Chillbongo wrote:Regardless, from a strictly numbers vantage, LeBron is only averaging 1.2 more assists, and 1.5 more rebounds than Kobe. I assure you that if Kobe was on this current Heat team, his assist numbers go up. Does that make him a better ball handler, defender, and more efficient scorer than LeBron? Of course not.
But think about this....as EFFICIENT as he is would LeBron be shooting 57% without his 40% 3PT shooters spacing the floor? Without D-Wade to take the scoring pressure off? Without the bangers down low getting rebounds? Without the all-around defensive effort that creates transition opportunities for Miami?
I think 1.2 assists per game over the course of a season, is more substantial than we might think. For instance, this season Kobe tied his season best for assists with 6. If he averaged just 1.2 assists less this year, that would make it the 5th lowest in his career not counting his first 2 seasons off the bench. It seems like a smaller number but it's the difference between the 5th worst and the absolute best. Meanwhile, Lebron had his second best season in assists with 7.3. If you drop that by 'just' 1.2 assists, then you're looking at his 3rd worst ever (one of which was his rookie season). So that difference is the difference between 2nd best and 3rd worst for Lebron. If you look at it a different way ... every time Kobe goes out there and plays, whatever assist total he produces, no matter how high, Lebron always produces one more assist than Kobe. And then, every 5 games, he produces 2 more assists than Kobe. I know that's not how it really pans out, but I think it makes it easier to visualize. Also, what 1.2 assists doesn't tell you, is how many possessions were spent trying to get a teammate that made basket since not all passes lead to a made basket and it also doesn't tell you how many incremental turnovers are produced trying to get that basket. In Kobe's case, that could be substantial because for every 5 assists he produces, 3 possessions were also lost in the process to turnovers. (In LBJ's case that's 2 lost possessions for every 5 assists). Again, you can view that as every time Kobe gets 5 assists, Lebron gets 6 and he gets another free possession to score or dish that Kobe doesn't. So the value in playmaking comes not only in the additional assists, but also, in limiting the turnovers that often come with trying to make plays for others.
I personally do not believe Kobe's assist numbers would go up. And here's why. Prior to this season with the Heat, Lebron was averaging 6.9 assists per game for his career. They reloaded, got all these shooters which you're using as your basis for your argument here, and Lebron's assist number for the season went up 5%. And that's for a player we both admit is a better and more naturally gifted playmaker. So why should I think that a player who is more of a scorer than playmaker, would see even an equal increase, let alone greater. I'd expect Kobe's assists to be slightly above his career mark but definitely lower than his career high. As for why, that's mainly because they have another playmaker to share the duties with in Wade (which explains Kobe's higher usage rate over LBJ) and so that's fewer opportunities for Kobe to get those assists. In other words, Kobe wouldn't (and shouldn't) be handling the ball nearly as often with Dwayne Wade by his side, as he has had to with our team to get those 6.0 assists.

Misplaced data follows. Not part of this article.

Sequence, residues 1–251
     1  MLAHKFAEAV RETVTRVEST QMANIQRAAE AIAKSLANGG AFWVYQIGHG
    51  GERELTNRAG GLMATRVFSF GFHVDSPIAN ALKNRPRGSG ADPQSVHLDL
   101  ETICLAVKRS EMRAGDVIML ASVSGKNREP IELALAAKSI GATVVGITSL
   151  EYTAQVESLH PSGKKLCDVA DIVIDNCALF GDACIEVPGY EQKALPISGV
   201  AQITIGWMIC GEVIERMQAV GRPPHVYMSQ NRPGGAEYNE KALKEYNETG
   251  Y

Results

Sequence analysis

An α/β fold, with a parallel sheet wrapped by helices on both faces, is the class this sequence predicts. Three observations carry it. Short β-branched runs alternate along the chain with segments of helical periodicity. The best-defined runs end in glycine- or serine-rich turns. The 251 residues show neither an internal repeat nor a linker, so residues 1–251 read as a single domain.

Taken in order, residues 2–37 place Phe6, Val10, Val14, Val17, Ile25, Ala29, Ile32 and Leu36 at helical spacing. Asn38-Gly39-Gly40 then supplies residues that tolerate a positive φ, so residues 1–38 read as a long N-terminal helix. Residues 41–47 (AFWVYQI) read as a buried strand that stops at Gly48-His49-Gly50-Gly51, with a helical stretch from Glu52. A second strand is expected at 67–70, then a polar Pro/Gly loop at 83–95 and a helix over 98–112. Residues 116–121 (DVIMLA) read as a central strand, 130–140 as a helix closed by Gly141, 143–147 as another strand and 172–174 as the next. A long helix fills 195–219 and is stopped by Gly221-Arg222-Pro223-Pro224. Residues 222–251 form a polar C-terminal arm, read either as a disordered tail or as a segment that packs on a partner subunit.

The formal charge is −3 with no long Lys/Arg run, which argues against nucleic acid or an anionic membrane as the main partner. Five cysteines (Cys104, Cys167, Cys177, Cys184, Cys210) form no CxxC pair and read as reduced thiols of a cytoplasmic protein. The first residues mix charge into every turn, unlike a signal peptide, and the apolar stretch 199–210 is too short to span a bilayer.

If having 40% 3pt shooters could cause a player to shoot north of 57% from the field, then why isn't that happening in Golden State? Harrison Barnes is shooting like 45%, why isn't he at 57% also? He's playing with arguably the BEST 3pt shooter and maybe even another top 5 three point shooter over there. Look, playing with those guys is going to help Lebron, there is no doubt, but how much do you think it is helping? You can't think Lebron would otherwise shoot 43% or something right? If he's shooting 57% with those guys, maybe he'd shoot 55% without them. I mean, Kobe had the most dominant player in the history of the game, Shaq, drawing double teams all day long and he has never shot above 47%. Ever. Oh, and back then, he actually shot fewer 3pters than Lebron did this season (I mention that because less 3pt shots means even higher FG%). So would removing Shaq have hurt Kobe's FG%? Definitely. Would it change from 47% to 40%? I don't think so. Maybe down to 45% over the course of a season. And if you look at his post Shaq years, eyeballing it, he was right back to 45%-46% even playing with a bunch of clowns. Plus, I think you're looking at it backwards. You make it seem like defenses are completely smothering Ray Allen and Rashard Lewis leaving LBJ wide open. That's not what happens. What happens is the other way around. Defenses are committed to stopping LBJ, which leaves open a Ray Allen or Rashard Lewis. So yes, to your point, many of the things you brought up help his FG% but it's not a night and day type difference. 65% of his shots are still jump shots. 20% of his shots are still 3 pointers. He's on his 7th consecutive season of improving shooting percentage from the field. The guy is just freakishly good and he continues to get better.